In Clouds of Glory: The Life and Legend of Robert E. Lee, Michael Korda, the New York Times bestselling biographer of Dwight D. Eisenhower, Ulysses S. Grant, and T. E. Lawrence, has written the first major biography of Lee in nearly twenty years, bringing to life America's greatest and most iconic hero. Korda paints a vivid and admiring portrait of Lee as a general and a devoted family man who, though he disliked slavery and was not in favor of secession, turned down command of the Union army in 1861 because he could not "draw his sword" against his own children, his neighbors, and his beloved Virginia. He was surely America's preeminent military leader, as calm, dignified, and commanding a presence in defeat as he was in victory. Lee's reputation has only grown in the 150 years since the Civil War, and Korda covers in groundbreaking detail all of Lee's battles and traces the making of a great man's undeniable reputation on both sides of the Mason-Dixon Line, positioning him finally as the symbolic martyr-hero of the Southern Cause.
Published by Harper Collins on 05/13/2014
Book details: 848 pages.
A conclusion to the New York Times best-selling series that began withA Blaze of Glory recounts how Tennessee federal forces commander William T. Sherman conquers Confederate forces under General John Bell Hood during his legendary March to the Sea campaign. Map(s). Tour.
Published on 07/22/2019
Book details: 615 pages.
A biography of the two gifted Civil War commanders from a New York Times–bestselling author: “A great story . . . History at its best” (Publishers Weekly). Their names are forever linked in the history of the Civil War, but Robert E. Lee and Ulysses S. Grant could not have been more dissimilar. Lee came from a world of Southern gentility and aristocratic privilege while Grant had coarser, more common roots in the Midwest. As a young officer trained in the classic mold, Lee graduated from West Point at the top of his class and served with distinction in the Mexican–American War. Grant’s early military career was undistinguished and marred by rumors of drunkenness. As commander of the Confederate Army of Northern Virginia, Lee’s early victories demoralized the Union Army and cemented his reputation as a brilliant tactician. Meanwhile, Grant struggled mightily to reach the top of the Union command chain. His iron will eventually helped turn the tide of the war, however, and in April 1864, President Abraham Lincoln gave Grant command of all Union forces. A year later, he accepted Lee’s surrender at the Appomattox Court House. With brilliance and deep feeling, New York Times–bestselling author Gene Smith brings the Civil War era to vivid life and tells the dramatic story of two remarkable men as they rise to glory and reckon with the bitter aftermath of the bloodiest conflict in American history. Never before have students of American history been treated to a more personal, comprehensive, and achingly human portrait of Lee and Grant.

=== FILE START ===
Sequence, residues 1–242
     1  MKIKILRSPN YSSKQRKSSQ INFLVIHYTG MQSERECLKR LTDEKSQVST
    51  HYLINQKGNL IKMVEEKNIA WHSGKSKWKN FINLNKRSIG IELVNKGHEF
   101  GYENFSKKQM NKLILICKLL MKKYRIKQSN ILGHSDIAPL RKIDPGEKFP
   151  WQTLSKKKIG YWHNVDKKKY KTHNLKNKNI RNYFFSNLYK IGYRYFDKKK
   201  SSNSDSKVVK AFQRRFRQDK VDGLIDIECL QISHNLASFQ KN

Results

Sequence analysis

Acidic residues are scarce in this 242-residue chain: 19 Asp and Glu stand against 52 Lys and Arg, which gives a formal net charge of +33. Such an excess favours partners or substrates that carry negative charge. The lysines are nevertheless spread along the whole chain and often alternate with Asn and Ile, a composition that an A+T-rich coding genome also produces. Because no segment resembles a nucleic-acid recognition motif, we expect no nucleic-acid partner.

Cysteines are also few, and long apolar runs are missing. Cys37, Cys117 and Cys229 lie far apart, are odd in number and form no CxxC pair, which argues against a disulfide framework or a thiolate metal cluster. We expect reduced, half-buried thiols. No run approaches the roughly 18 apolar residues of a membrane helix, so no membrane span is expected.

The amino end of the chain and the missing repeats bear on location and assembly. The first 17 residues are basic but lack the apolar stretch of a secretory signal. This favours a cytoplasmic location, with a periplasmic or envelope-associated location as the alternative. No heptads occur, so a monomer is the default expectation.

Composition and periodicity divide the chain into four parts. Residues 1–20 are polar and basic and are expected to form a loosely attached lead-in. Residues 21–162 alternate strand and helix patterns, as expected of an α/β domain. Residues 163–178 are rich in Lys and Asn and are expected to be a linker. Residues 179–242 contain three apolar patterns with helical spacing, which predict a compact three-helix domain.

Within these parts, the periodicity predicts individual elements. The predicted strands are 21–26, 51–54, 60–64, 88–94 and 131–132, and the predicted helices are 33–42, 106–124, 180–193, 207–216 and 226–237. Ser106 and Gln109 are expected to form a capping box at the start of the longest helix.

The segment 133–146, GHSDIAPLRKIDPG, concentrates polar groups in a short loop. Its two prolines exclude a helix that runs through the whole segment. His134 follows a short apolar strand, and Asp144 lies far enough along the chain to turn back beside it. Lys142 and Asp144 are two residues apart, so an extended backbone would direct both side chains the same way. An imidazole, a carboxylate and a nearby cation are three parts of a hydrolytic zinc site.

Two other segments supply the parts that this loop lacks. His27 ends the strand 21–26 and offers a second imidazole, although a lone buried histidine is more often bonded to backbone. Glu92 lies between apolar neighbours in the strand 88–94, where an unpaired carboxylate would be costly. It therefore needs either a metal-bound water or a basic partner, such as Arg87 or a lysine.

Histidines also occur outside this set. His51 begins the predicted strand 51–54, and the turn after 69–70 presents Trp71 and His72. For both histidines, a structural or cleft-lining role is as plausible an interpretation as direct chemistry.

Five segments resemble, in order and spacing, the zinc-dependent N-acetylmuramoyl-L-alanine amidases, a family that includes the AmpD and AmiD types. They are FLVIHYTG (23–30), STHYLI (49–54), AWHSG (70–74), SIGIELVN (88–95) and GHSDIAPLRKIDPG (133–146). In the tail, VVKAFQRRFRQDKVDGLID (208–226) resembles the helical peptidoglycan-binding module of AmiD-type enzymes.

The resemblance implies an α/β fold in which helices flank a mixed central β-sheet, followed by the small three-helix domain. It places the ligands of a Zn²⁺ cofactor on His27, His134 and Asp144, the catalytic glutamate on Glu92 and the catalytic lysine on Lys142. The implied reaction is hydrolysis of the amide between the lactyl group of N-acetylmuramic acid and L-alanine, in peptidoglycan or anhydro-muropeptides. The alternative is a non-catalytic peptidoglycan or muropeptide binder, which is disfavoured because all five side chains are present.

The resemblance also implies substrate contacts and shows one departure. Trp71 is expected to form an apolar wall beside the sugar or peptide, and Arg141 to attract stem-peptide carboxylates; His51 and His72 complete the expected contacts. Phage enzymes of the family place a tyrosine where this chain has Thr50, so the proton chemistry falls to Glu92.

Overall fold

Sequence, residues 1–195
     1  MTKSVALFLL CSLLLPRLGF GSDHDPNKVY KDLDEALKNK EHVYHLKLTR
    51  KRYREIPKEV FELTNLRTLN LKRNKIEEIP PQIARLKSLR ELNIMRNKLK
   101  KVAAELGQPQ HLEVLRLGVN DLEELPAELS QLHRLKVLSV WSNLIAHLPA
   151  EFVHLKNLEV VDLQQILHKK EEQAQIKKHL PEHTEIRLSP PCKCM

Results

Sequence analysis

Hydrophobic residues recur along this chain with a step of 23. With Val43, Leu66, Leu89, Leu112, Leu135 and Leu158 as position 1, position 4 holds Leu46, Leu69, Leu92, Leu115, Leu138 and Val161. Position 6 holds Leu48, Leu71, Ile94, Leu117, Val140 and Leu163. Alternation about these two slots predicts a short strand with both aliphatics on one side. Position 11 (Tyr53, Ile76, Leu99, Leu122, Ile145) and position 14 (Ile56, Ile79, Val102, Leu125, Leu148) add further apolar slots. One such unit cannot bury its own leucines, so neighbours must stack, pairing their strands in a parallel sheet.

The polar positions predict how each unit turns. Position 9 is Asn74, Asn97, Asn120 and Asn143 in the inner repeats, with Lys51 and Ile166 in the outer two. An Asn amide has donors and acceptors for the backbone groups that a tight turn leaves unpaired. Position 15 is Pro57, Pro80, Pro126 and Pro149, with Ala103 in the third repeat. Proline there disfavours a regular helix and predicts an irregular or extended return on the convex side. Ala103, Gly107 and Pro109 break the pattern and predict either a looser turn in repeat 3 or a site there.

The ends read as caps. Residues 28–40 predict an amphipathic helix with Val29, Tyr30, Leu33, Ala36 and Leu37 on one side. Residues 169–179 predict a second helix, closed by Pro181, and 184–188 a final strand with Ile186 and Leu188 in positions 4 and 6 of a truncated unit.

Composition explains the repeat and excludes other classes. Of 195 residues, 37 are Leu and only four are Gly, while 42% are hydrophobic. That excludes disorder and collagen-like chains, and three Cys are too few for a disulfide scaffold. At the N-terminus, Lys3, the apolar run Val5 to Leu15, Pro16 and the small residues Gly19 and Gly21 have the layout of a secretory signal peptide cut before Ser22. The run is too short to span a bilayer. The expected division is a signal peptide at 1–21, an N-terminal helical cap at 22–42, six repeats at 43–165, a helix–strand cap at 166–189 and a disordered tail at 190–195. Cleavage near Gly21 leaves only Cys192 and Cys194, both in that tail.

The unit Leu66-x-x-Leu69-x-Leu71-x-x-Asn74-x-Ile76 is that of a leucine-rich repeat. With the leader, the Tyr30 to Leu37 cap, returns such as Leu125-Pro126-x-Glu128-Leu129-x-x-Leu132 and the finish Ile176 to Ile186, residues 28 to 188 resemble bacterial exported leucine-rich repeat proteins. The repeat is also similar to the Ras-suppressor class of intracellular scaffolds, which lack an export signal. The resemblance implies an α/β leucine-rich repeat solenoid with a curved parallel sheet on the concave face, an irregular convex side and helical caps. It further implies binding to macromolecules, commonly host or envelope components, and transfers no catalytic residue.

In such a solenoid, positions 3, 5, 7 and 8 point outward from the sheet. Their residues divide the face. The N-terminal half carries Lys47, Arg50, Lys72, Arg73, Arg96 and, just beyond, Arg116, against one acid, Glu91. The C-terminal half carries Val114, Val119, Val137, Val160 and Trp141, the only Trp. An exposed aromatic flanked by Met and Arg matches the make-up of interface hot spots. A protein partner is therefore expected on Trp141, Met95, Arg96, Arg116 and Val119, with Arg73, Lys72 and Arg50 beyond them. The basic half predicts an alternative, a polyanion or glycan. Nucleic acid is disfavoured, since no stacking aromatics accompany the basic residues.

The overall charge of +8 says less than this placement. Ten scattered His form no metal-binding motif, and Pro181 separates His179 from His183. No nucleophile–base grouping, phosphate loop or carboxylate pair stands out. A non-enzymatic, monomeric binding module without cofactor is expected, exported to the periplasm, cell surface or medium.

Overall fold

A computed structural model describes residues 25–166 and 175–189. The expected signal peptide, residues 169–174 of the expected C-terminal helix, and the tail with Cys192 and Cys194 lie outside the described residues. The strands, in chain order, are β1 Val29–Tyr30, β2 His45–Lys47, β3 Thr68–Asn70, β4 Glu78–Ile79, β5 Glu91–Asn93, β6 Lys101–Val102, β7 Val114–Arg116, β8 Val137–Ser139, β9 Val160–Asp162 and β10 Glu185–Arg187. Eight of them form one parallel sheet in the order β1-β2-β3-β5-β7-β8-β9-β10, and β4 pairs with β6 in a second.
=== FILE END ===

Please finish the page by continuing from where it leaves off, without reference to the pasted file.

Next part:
Published by Open Road Media on 10/04/2016
Book details: 412 pages.
A study on the 16th President's evolution as a seminal foreign-policy leader explores his lesser-known roles in America's rise to a world power, analyzing six distinct episodes that defined his foreign policy stance and enabled him to maintain a careful balance during the tumultuous war years. (This book was previously featured in Forecast.)
Published by Broadway Books on 10/28/2014
Book details: 419 pages.